[Corpora-List] problems with Google counts

Nancy Ide ide at cs.vassar.edu
Wed Mar 16 19:51:05 CET 2005


Are people aware of the Linguist's Search Engine developed at
University of Maryland, for doing linguistic searches on internet data?
URL is http://lse.umiacs.umd.edu

On Mar 16, 2005, at 1:26 PM, Ring Low wrote:


> A few years ago I did a study of the uses of the definite article THE

> in English using Google search (the data was collected in 2003). I

> used Internet search engine to conduct the study partially because I

> wanted to get the page-counts, which would exclude repeat instances in

> the same text (i.e., rather than the absolute frequencies).

> I gathered about 1500 nouns and put it into the search engine using

> two strings "the * N" and "the N". I also did the same for other

> pre-nominal elements such as "a", "this", "that", "my", "his", "her".

> Other criteria I used at that time were "in text only" and "English

> only".

>

> The inconsistency I found, at that time, was that the sum of the

> frequencies I obtained for all the nouns with one element is always

> much more than the frequency reported in a single search for that

> element, i.e., the sum of all "the N" was much larger than the search

> of the word "the" alone in the Google database, which did puzzle me.

>

> On the other hand, I did find some consistencies on the data. First,

> the ratio of the frequencies among each search are always about the

> same, even I did all the search a couple times among several months.

> In addition, the relative frequencies among the nouns at that time, as

> far as the ones that I could check, was consistent with the data I

> found in some other corppora I found (e.g., if one find that a word is

> of a relatively high frequency in Google, one would also find that

> word having a relative high frequency in other texts).

> I agree that using Google to conduct linguistic studies has gotten

> more and more difficult since then, as the design of the search engine

> has been changing due to commercial reasons. We do need a search

> engine design specically for linguistic studies. On the other hand,

> before such a search engine is available, some other ways to avoid

> problmetic results might be to adjust the design of the study

> according to some known weaknesses of the engine and to cross-check

> the results manually with tranditional corpora and other search

> engines.

>

>

>

> --

> ==============================

> Ring Low

> mlow at acsu.buffalo.edu

> http://www.acsu.buffalo.edu/~mlow/

> ==============================

>

>

>

> Lillian Lee wrote:

>

>> Dear list members,

>>

>> You might be interested to know that until approximately March 8th,

>> Google counts appear to have been quite off (inflation rates of a

>> factor of 66%?), according to Jean Veronis.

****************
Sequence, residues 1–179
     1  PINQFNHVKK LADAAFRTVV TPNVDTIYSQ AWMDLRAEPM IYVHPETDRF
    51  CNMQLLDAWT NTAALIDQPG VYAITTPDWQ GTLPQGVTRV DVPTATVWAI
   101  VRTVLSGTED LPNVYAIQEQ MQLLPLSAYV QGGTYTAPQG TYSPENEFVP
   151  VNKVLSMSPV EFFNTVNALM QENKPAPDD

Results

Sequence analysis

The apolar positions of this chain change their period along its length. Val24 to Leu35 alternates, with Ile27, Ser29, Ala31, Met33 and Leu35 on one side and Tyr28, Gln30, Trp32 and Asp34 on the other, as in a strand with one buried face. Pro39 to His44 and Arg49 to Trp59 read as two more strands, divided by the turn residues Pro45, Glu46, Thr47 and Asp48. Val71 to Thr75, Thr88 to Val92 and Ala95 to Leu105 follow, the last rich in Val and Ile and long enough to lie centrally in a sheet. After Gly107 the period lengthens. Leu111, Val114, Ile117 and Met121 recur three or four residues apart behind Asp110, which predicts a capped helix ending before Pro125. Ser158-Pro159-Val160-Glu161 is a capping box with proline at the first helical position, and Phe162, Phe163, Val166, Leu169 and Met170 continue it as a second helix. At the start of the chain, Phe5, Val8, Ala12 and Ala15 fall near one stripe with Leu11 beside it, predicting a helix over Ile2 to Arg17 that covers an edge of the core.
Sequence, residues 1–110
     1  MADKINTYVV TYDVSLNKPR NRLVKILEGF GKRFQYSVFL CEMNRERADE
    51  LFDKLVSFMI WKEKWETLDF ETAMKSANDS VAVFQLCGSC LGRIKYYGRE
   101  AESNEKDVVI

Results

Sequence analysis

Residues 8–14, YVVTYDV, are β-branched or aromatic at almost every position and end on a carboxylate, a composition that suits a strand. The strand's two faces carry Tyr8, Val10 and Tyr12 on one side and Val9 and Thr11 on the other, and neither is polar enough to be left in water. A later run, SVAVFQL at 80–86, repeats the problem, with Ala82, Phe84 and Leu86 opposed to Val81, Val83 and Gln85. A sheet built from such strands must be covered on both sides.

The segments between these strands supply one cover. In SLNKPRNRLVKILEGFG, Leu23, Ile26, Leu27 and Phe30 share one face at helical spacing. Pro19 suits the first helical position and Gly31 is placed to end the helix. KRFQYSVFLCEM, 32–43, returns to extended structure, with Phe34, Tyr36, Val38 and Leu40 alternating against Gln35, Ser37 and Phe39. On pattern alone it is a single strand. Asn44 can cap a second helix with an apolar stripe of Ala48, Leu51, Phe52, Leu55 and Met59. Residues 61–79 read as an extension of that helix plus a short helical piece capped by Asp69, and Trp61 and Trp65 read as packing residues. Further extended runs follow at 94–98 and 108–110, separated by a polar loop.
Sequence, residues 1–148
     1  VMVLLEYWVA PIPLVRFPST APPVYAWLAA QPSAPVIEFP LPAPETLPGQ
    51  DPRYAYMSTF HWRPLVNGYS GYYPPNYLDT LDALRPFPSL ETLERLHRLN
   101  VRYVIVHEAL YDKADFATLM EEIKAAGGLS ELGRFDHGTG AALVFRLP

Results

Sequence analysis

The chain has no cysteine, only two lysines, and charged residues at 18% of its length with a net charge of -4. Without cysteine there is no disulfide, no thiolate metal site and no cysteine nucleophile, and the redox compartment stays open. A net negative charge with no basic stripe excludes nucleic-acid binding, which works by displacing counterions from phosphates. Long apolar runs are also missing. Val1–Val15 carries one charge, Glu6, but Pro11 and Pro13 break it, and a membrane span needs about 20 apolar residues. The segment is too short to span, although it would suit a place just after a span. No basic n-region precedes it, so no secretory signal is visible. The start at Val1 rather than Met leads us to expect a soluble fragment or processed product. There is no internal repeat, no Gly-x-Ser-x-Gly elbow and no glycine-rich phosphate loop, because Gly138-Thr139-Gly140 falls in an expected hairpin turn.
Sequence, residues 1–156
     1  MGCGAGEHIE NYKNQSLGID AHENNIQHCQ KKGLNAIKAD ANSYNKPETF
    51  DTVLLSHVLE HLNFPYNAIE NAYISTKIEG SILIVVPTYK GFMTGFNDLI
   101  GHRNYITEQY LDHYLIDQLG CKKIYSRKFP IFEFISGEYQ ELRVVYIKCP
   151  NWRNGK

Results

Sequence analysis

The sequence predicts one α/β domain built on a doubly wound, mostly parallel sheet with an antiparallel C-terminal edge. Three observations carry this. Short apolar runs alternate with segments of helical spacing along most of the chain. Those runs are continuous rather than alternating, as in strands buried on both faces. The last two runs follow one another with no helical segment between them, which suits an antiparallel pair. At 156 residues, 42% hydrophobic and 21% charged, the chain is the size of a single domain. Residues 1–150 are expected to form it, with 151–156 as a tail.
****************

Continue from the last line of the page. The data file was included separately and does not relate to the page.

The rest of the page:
>>

>> In a blog post of February 8th

>> (

>> http://aixtal.blogspot.com/2005/02/web-googles-missing-pages-

>> mystery.html ),

>> Veronis summarized his earlier findings:

>>

>> # If you type Chirac OR Sarkozy, you get half the number results of

>> Chirac alone, which may have a political explanation... but is a

>> weird approach to boolean logic.

>>

>> # If you search the in the English pages, you get 1% of the number

>> you get for the all languages together. Does this mean that the is

>> 99 times more frequent in languages other than English? Of course

>> not.

>>

>> He gave a possible explanation and noted that "if you want to know the

>> real index count for any word, simply type it twice".

>>

>> On March 13th, he noted that the counts seem to have been adjusted,

>> that is "changed in a major way":

>> http://aixtal.blogspot.com/2005/03/web-google-adjusts-its-counts.html

>>

>> Related posts indicate problems with MSN, the possibility that Yahoo

>> indexes more pages than Google, and more details on calculations.

>> ________________________________________________________________

>> Lillian Lee, Assoc. Prof. tel: 607-255-8119

>> Dept of Computer Science fax: 607-255-4428 Cornell University

>> llee at cs.cornell.edu Ithaca, NY 14853-7501 USA

>> www.cs.cornell.edu/home/llee

>> ________________________________________________________________

>>

>>

>>

>>

>>

>>

>

>

>

>

=======================================================

Nancy Ide

Professor of Computer Science
Vassar College
Poughkeepsie, NY 12604-0520 USA
Tel: +1 845 437-5988 Fax: +1 845 437-7498
ide at cs.vassar.edu

Chercheur Associe
Equipe Langue et Dialogue, LORIA/CNRS
Campus Scientifique - BP 239
54506 Vandoeuvre-les-Nancy FRANCE
Tel: +33 (0)3 83 59 20 47 Fax: +33 (0)3 83 41 30 79
ide at loria.fr

=======================================================






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